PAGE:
“When we arrived, we didn’t speak Spanish well. My husband had kidney stones and my daughter had an ear infection. At one point, we regretted coming because of communication difficulties with these health issues,” she recalls.
“But we were so surprised because they didn’t care whether we were carrying our IDs or not, they insisted on giving them care, not asking us to pay anything. I don’t know if it was education that formulated this, but they have a lot of love and they care about our lives despite our different nationalities, they put life first. That’s what I love about Argentina – their love, their kindness, their passion and their beauty,” the grateful trader said.
The Taiwanese have maintained their roots through the organization and participation of religious groups, mandarin schools and cultural events held in Argentina. The activities help ensure that Taiwanese identity is passed on to the next generation.
“Initially, when the Taiwanese gathered [together]they didn’t know it preserved Taiwanese culture,” said Diana Huang, 64, president of the Taiwanese Civil Association in Argentina.
Nevertheless, like many third-culture children, children of Taiwanese parents in Argentina often doubt whether they are really “Taiwanese” or not, especially when many Asians are often called chinos by locals, a term that generalizes Asians as Chinese.
“We hope that by continuing to establish an understanding of Taiwan’s homeland through the association, we will pass on to future generations a sense of identity, to remember their Taiwan roots.” considered Diana. While the Taiwanese diaspora left Taiwan for different reasons, they maintain their Taiwanese identity while continuing to build community and support each other along the way, especially in the face of common hardships as immigrants.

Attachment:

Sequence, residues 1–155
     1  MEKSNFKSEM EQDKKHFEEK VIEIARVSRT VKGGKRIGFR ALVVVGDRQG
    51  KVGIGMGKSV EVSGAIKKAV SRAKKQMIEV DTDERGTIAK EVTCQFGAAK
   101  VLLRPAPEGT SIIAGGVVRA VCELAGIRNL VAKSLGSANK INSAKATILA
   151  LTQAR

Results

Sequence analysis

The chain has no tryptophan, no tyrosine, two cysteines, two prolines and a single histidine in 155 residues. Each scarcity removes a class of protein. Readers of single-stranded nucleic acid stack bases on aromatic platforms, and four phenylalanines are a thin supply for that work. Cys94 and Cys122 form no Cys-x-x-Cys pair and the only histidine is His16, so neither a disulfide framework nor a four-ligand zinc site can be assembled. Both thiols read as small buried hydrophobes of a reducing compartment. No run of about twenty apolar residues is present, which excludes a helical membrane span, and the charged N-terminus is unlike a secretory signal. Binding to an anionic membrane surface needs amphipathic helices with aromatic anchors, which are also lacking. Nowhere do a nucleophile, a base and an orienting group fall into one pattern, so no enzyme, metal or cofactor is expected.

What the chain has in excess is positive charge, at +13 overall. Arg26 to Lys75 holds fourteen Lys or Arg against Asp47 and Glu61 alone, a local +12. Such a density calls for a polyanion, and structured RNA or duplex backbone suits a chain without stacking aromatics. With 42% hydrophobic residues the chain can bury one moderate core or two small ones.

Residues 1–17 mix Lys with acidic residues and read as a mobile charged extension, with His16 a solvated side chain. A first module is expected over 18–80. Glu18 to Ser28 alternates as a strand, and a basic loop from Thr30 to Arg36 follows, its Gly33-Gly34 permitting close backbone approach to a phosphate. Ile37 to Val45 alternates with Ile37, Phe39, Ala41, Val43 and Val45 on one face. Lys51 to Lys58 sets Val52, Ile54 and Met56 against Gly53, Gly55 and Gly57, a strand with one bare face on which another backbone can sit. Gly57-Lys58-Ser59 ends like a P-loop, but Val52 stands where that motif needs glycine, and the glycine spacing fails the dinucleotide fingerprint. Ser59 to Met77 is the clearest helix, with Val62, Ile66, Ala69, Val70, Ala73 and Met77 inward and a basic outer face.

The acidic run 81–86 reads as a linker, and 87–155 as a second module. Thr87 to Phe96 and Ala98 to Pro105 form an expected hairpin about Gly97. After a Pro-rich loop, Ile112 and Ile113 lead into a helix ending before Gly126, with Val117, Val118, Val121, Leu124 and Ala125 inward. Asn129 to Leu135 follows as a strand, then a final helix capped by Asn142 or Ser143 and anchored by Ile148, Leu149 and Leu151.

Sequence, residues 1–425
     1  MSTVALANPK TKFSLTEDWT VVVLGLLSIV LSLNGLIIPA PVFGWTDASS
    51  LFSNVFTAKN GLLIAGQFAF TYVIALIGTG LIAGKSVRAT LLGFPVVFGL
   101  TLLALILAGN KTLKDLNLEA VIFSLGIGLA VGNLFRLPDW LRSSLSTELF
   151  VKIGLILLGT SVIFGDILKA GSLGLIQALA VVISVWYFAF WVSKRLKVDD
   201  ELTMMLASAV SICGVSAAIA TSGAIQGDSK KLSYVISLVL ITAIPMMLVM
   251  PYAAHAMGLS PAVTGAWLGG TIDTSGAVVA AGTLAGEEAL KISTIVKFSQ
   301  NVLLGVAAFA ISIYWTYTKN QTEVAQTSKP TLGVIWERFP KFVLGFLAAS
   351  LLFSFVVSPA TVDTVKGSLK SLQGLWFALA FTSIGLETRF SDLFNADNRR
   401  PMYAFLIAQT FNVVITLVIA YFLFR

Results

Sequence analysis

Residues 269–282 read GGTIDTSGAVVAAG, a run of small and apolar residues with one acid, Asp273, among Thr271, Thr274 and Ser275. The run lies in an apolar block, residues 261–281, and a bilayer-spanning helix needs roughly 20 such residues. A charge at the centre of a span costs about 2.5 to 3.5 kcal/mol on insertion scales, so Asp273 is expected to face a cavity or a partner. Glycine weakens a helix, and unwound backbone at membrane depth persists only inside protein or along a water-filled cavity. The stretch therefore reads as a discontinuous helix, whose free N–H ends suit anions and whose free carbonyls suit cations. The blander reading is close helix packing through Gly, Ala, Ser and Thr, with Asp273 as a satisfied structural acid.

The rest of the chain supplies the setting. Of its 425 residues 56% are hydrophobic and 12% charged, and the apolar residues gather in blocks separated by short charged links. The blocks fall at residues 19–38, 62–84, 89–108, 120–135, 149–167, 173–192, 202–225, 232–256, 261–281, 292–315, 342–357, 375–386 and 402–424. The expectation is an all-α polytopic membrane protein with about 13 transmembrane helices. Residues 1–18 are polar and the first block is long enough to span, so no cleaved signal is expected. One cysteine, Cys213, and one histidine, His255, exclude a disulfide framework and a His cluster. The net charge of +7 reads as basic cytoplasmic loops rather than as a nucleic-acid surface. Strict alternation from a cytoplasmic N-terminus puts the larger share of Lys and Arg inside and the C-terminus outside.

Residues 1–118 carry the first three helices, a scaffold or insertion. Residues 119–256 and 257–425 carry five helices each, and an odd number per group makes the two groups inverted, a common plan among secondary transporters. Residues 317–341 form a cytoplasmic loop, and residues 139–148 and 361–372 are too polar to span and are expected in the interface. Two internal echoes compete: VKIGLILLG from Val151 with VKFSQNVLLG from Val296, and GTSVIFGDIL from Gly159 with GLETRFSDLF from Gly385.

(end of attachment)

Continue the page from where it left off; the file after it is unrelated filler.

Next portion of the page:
So how are Taiwanese and Chinese different? The most obvious difference dates from recent history, particularly since 1895, when China’s Qing dynasty lost the Sino-Japanese War and handed Taiwan back to Japan. Taiwan went through 50 years of Japanese colonization and even shifted to a Japanese identity until the end of World War II in 1945, when Taiwan was returned to the ROC, first established in 1911. Four years later, when the Chinese Civil War broke out in 1949, the ruling ROC Kuomintang (KMT) retreated to Taiwan awaiting an opportunity to reclaim China. However, in the absence of the KMT, the Communist Party established the People’s Republic of China, leaving the KMT stranded on the island of Taiwan. Since then, China and Taiwan have existed as two separate and independent governmental entities, the PRC (China) and the ROC (Taiwan).
Some differences are due to politics: China experienced a cultural revolution from 1966, adopting the one-child policy. They use simplified Chinese characters, and today Chinese citizens face strict restrictions on internet usage. Taiwan, by contrast, had its first democratically elected president in 1996, legalized same-sex marriage, uses traditional Chinese characters and allows religious freedom. These policies also formulate different structures on how people live their lives and what values are upheld in different societies. The similarities are also evident – the two countries share linguistic and cultural ties as most Taiwanese ancestors, with the exception of many Taiwanese indigenous groups, came from the Chinese province of Fujian three centuries ago.
However, recent events highlight the challenges ahead. Xi Jinping, the leader of the People’s Republic of China, announced that “reunification” must be “achieved” and on August 3, the Chinese ambassador to France, Lu Shaye, declared on television that “after the reunification”, the Beijing government would “implement re-education”.
I don’t know what the future holds, but I know the past and the stories of my people. We are a versatile people, who always find a way with their will, just as the local diaspora here in Argentina has managed. I know I’m Taiwanese, like 23.5 million other people.
Any attempt to erase the Taiwanese identity is therefore doomed to failure. As long as there is freedom of expression elsewhere in the world, our diaspora will remember its roots and continue to transmit its culture and identity. This is our story, this is what we have been through.